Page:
Foundations Of Western Civilization II: A History of the Modern Western World

Foundations Of Western Civilization II: A History of the Modern Western World - Robert Bucholz Everything in the world is the way it is because it became that way and is a past function of things which came before it. Nothing ever happens without a reason. This lecture looks at all the pieces that went in to making us who we are and will explain how we became that way.

The real focal point for this lecture series is why did "The Great War" happen? He'll take the listener past that point into WW II and through the Cold War, but to understand those events he must first take the listener on to the journey starting at about 1350 (the start of the black plague an event that acts as good as any other demarcation from the old to the new, the medieval to the modern).

Modernity is characterized by a change in the "chain of being". Each step in progress means a dent in the chain of being, the world in which every one has their place as defined by the Aristotelian world of Heaven, Angels (demons), Man (and Woman), Animals, Plants, and Rocks, or from the divine rights of Kings to the peasants place in the universe. The other major focal point for the Professor is the importance that 'balance of power" had in developing the western world.

There were times I would get lost. A lot of dates, a lot of names and events happening at once. That really can't be helped with a lecture series such as this one since such a wide period of time is covered. I loved it when the professor read the poetry from the pre-Romantic era and clearly demonstrated the difference with the Romantics and what that meant for how we will learn to see ourselves differently going forward.. A lot of gems like that within this lecture. It's great to hear a historian talk about the Reformation, Renaissance, Enlightenment, and the other ages covered. Usually, I get a philosopher's or a theologian's point of view. The Historian's perspective is refreshing.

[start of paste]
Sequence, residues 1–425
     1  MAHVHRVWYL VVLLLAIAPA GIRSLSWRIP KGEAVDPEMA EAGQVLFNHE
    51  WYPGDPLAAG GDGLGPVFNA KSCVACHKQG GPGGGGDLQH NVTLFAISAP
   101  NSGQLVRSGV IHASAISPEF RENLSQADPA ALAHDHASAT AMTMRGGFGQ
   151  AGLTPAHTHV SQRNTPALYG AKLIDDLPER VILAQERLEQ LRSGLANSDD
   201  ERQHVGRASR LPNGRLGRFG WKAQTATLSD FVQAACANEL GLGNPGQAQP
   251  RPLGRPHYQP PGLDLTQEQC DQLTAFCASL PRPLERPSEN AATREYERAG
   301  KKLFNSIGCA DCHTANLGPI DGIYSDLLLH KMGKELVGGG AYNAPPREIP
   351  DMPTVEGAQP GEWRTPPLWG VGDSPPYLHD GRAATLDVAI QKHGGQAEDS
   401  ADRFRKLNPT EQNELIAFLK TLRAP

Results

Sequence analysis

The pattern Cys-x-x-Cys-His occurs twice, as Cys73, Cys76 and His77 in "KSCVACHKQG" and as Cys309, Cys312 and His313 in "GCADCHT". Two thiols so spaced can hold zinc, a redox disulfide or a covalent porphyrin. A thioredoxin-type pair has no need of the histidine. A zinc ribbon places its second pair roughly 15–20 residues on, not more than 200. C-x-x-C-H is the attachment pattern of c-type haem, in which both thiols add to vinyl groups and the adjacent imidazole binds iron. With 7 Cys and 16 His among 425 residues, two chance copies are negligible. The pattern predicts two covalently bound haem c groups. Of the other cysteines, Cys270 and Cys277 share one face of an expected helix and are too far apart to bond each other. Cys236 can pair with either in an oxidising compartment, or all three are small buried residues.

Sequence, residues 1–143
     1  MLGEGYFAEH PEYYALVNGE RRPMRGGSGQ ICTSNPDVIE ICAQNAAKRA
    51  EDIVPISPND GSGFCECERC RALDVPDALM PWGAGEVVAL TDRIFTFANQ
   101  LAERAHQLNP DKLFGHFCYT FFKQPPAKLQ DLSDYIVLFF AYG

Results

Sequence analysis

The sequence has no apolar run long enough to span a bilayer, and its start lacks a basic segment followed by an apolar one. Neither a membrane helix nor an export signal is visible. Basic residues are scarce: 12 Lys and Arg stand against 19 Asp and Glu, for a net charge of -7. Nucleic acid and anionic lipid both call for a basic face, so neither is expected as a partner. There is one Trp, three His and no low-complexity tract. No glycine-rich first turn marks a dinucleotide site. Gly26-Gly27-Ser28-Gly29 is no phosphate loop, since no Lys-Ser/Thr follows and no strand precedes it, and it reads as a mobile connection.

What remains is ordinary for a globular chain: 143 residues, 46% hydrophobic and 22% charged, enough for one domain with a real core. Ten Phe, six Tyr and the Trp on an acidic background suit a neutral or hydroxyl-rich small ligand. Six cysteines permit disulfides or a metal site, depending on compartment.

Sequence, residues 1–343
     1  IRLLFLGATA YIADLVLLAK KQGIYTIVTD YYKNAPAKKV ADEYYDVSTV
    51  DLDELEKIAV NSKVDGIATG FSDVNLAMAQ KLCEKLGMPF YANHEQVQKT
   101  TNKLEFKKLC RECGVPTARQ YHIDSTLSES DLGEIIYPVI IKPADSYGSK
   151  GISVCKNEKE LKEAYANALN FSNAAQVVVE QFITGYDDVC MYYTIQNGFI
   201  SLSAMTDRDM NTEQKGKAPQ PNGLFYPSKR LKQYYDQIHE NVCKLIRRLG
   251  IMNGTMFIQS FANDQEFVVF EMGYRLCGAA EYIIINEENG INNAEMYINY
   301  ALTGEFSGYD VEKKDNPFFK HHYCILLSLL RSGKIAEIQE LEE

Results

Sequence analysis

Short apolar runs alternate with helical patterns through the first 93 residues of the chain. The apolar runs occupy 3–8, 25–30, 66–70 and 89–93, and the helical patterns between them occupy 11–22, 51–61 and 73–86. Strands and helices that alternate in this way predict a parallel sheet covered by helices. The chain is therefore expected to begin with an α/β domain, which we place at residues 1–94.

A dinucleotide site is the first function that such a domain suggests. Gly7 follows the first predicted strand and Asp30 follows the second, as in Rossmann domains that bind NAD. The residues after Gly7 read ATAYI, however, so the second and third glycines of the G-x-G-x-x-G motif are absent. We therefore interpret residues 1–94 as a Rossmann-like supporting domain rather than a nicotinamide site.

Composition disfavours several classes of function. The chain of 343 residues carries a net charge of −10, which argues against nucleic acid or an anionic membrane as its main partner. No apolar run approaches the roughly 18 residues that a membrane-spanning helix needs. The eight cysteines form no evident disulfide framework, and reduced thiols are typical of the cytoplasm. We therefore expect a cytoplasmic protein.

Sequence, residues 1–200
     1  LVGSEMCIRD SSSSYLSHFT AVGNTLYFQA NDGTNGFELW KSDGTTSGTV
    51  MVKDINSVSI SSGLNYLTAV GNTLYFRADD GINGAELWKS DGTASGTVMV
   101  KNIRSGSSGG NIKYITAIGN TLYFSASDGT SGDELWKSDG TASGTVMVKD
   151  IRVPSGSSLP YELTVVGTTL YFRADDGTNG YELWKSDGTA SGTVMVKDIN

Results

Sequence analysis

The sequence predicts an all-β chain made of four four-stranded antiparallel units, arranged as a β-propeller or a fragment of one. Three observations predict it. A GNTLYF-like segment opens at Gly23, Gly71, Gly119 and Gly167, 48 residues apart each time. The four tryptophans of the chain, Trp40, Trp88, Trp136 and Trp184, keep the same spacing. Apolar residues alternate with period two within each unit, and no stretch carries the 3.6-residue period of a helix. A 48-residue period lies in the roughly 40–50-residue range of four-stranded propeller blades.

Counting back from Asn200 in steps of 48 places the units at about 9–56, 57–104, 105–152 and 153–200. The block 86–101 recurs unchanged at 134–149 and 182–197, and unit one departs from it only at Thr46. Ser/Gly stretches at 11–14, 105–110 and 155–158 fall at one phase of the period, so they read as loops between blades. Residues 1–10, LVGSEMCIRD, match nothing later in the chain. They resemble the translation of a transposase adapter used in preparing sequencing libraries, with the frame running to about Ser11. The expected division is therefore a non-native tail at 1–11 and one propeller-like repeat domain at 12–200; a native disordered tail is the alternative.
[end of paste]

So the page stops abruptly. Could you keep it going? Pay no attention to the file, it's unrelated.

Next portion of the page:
History is relevant today. He mentions that his students learn about justice and injustice by studying what was done right and what was done wrong. He mentioned that Stalin when he was coming to power would punish all the family members of the perpetrator, and I immediately thought how barbaric, but then I recalled one of the two presidential nominees wants to execute not only the terrorist but the terrorist's family (plus ca change, plus ca meme chose (the more things change, the more they stay the same)).

I think 'the greatest generation" were the WW I vets on the allies side. I see that war as the first stand against German Hegemony and was necessary. The lecturer doesn't. I'm fine with that. I like to be challenged. I like it when some one makes me think beyond my preconceived notions. Also, he ends the lecture at about 2005. If I had listened to it then, I would have been just as rosy about history and democracy and critical thinking as the professor was. I just can't help but note that the financial crisis of 2008 happened and even more critically as mentioned in Scientific American a presidential candidate has said that "global warming is a Chinese hoax", that statement is void of scientific fact, is absurd and belongs in the nut house, and that candidate seems to divide the world into us verse them, a very anti-enlightenment sentiment. We need to constantly study our past so that we don't make the same mistakes. "Those who don't study the past are doomed to repeat it".

The Professor seamlessly ties together large pieces of history and makes it entertaining while never boring (sometimes he did overwhelm, but that's to be expected since there is a lot of ground covered).